Again, I look to my own life experiences to see the value in this endeavor. I was never taught to cook as a child, and not long after I got married, I tried to cook a fairly simple meal. I almost burned our house down (and I mean that in the most literal sense). We couldn’t live in the home for a few days while the smoke and mess was cleaned up. But I’m not the only one who didn’t learn to cook; tons and tons of Millennials don’t know how to cook simple dishes, either. Let’s make sure Gen Z is prepared for adulthood by helping them learn to cook.

While everyone is in quarantine, you can have fun cooking ethnic meals from other cultures. Some family friends of ours are cooking Disney movie-inspired meals during these days. There is no end to the amount of creativity you can enjoy at the dinner table! Just remember, while teaching your kids to cook, you should also try to instill in them the ability to plan meals, purchase supplies, and maintain safety/hygiene in the kitchen. All of that is a part of “cooking.”)

#4: Develop spiritual disciplines.
OK, OK. The “pastor” in me is coming out.

When I’m conducting parenting workshops around the country, moms and dads confess that “spiritual” life routinely gets pushed to the back burner so they can focus on “real” life…you know, like paying bills, getting to soccer practice on time, finishing science fair projects the night before they’re due, and the never-ending pile of laundry. But right now, life has hit the pause button in a profound way. Most of us have plenty of time on our hands. We can either squeeze in one more season of Friends…or we can begin developing a few long-lasting spiritual disciplines. Here are a few suggestions to get you going:

  1. Bible study. There are so many Bible reading plans and devotionals available today (and most of them are totally free.) Make time to study God’s Word together as a family.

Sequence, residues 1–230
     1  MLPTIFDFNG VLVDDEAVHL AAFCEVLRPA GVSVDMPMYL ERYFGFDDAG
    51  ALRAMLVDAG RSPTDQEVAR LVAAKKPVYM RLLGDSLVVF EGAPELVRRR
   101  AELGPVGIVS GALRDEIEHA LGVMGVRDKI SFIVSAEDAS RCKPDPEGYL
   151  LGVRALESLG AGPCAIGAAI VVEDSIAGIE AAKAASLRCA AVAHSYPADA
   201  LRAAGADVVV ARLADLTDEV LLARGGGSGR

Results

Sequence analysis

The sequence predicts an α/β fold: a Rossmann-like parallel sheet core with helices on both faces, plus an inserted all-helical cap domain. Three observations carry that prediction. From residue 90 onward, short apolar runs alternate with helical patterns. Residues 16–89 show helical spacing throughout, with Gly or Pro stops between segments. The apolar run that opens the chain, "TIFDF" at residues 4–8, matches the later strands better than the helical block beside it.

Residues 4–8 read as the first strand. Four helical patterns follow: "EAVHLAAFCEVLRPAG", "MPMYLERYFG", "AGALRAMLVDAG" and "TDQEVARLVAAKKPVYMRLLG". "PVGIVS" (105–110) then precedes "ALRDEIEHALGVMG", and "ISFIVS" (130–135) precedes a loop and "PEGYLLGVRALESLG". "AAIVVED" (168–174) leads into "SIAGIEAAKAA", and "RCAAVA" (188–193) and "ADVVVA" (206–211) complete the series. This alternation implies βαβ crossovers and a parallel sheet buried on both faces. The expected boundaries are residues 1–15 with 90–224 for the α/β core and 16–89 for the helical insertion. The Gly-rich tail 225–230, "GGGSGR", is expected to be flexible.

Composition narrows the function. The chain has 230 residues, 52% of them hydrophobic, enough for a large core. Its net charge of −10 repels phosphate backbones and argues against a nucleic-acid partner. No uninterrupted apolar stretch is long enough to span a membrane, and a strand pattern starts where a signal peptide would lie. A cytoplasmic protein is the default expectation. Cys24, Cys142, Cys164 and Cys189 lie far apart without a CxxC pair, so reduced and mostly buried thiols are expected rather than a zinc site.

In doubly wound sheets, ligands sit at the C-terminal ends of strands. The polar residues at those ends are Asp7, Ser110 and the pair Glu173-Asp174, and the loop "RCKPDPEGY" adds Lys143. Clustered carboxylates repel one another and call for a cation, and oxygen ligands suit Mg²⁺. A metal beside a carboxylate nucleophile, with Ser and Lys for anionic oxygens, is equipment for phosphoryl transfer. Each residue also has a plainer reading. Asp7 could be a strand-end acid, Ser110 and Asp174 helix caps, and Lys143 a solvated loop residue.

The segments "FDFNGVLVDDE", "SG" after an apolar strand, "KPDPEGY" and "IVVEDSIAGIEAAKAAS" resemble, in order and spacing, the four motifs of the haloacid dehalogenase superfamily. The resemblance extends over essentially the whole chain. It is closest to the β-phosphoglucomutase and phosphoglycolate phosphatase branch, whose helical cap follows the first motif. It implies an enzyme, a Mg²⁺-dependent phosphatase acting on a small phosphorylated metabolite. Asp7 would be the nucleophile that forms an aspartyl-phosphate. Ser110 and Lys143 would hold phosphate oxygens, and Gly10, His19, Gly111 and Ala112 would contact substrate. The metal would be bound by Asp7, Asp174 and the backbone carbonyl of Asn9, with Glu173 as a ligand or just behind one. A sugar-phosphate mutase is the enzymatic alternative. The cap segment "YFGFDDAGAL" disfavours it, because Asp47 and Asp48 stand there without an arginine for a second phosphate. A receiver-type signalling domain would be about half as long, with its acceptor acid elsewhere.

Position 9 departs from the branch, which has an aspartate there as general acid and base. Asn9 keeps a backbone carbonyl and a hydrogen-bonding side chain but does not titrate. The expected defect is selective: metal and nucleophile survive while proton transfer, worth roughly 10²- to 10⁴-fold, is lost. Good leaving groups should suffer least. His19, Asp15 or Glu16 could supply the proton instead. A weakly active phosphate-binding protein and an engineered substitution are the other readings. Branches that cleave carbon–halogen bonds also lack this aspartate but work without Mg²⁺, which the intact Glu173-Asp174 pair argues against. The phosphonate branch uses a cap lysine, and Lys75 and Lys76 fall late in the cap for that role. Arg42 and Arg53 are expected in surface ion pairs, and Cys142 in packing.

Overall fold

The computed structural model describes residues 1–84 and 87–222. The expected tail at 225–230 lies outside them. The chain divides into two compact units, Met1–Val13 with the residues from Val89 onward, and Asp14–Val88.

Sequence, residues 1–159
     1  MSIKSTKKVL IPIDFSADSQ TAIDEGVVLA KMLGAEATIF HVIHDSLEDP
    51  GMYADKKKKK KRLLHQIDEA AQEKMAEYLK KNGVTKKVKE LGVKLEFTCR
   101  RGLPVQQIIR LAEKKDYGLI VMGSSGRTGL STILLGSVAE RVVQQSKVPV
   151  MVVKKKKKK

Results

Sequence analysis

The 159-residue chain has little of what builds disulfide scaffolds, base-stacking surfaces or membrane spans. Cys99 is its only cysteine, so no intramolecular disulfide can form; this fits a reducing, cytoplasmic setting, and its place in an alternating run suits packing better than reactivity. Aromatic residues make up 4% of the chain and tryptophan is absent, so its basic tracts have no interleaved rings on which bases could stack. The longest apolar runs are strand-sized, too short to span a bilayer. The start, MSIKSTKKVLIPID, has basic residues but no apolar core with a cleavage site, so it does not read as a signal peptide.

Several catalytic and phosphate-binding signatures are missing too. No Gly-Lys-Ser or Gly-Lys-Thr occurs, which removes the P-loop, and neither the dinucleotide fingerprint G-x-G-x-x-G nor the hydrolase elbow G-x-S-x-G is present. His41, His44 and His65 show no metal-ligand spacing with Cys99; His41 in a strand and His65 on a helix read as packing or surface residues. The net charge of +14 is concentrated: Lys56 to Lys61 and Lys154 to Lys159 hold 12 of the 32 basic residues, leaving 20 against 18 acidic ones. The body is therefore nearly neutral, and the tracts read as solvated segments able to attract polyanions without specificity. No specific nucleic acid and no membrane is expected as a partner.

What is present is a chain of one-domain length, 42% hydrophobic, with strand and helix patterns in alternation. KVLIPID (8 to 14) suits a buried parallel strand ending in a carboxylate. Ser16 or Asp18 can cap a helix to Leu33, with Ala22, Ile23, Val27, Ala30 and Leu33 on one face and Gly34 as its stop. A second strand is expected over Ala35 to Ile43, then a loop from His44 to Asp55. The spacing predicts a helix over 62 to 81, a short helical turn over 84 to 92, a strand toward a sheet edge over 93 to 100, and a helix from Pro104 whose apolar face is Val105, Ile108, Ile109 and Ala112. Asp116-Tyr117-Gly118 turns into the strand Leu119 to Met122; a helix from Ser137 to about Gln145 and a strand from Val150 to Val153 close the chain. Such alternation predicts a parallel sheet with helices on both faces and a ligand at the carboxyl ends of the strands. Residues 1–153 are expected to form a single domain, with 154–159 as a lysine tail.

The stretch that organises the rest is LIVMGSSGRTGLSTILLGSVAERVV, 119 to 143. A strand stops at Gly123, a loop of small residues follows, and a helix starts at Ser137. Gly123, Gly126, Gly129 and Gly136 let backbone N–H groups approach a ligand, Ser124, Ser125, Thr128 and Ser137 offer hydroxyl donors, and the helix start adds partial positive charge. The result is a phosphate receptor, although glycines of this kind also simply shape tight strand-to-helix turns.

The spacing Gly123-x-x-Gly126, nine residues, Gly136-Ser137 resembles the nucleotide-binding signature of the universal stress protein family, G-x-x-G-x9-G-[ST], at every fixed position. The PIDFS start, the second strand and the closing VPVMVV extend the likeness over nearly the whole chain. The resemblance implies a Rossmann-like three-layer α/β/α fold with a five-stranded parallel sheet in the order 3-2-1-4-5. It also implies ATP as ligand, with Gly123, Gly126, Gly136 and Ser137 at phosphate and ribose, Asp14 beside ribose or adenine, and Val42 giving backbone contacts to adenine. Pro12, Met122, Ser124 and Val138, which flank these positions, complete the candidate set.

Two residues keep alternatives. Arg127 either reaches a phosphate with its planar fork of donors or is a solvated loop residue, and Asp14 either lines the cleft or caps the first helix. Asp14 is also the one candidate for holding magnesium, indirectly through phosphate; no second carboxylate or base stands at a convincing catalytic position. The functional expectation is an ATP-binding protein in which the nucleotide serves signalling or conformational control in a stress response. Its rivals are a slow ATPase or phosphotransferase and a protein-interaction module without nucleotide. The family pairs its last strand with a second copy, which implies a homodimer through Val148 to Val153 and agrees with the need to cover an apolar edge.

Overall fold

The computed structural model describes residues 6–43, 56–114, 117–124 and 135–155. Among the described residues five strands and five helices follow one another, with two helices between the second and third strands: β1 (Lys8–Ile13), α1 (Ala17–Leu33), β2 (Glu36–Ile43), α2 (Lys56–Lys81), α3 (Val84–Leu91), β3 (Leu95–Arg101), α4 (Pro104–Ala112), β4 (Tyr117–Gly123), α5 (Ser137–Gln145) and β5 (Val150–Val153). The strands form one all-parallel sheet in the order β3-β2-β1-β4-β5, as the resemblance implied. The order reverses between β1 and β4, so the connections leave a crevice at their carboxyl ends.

2. Prayer. Nothing goes better with Bible study than prayer. You don’t have to spend multiple hours in prayer each day like ancient monks, but it will instantly impact your family to start praying together.
  3. Serving. Right now, each of us could be used by God to be a blessing to those around us. Get into the habit of finding at least one simple way to serve someone around you. Trust me; it’ll add up to a lifetime of impact!
  4. Contentedness. What? This is a spiritual discipline? Well, according to the apostle Paul, yes. (See Philippians 4:11-12.)

There are plenty of ways you can invest the time given to us by the Coronavirus lockdown. It can be as simple as teaching kids how to tell time on an analog clock! Whatever you do, make the most of it for the sake of your kids’ future.

7 MORE Fun Family Activities to Pass Time While Sequestered

 Young People, Screens, and the Coronavirus

By 1 Comments
Share
David R. Smith

David R. Smith

David R. Smith is the author of several books including Christianity... It's Like This and speaks to parents and leaders across the U.S. David is a 15-year youth ministry veteran, now a senior pastor, who specializes in sharing the gospel, and equipping others do the same. David provides free resources to anyone who works with teenagers on his website, DavidRSmith.org David resides with his wife and son in Tampa, Florida.

1 Comments

  1. Avatar
    Rich Orso
    April 15, 2020 at 1:01 pm

    Thanks for the information. Terrific opportunities to not go back to the “old normal”. We have had many fun days of playing basketball, HORSE, exercising, watching an appropriate movie selected by each family member, reading, playing cards, helping neighbors and family, spending a lot of time together communicating, praying, and laughing. I thank God for this time not because of the damage it has done but for the great opportunities for healing as well. It is a throwback to when I grew up. We talked and communicated with family first.

Reply your comment

Your email address will not be published. Required fields are marked*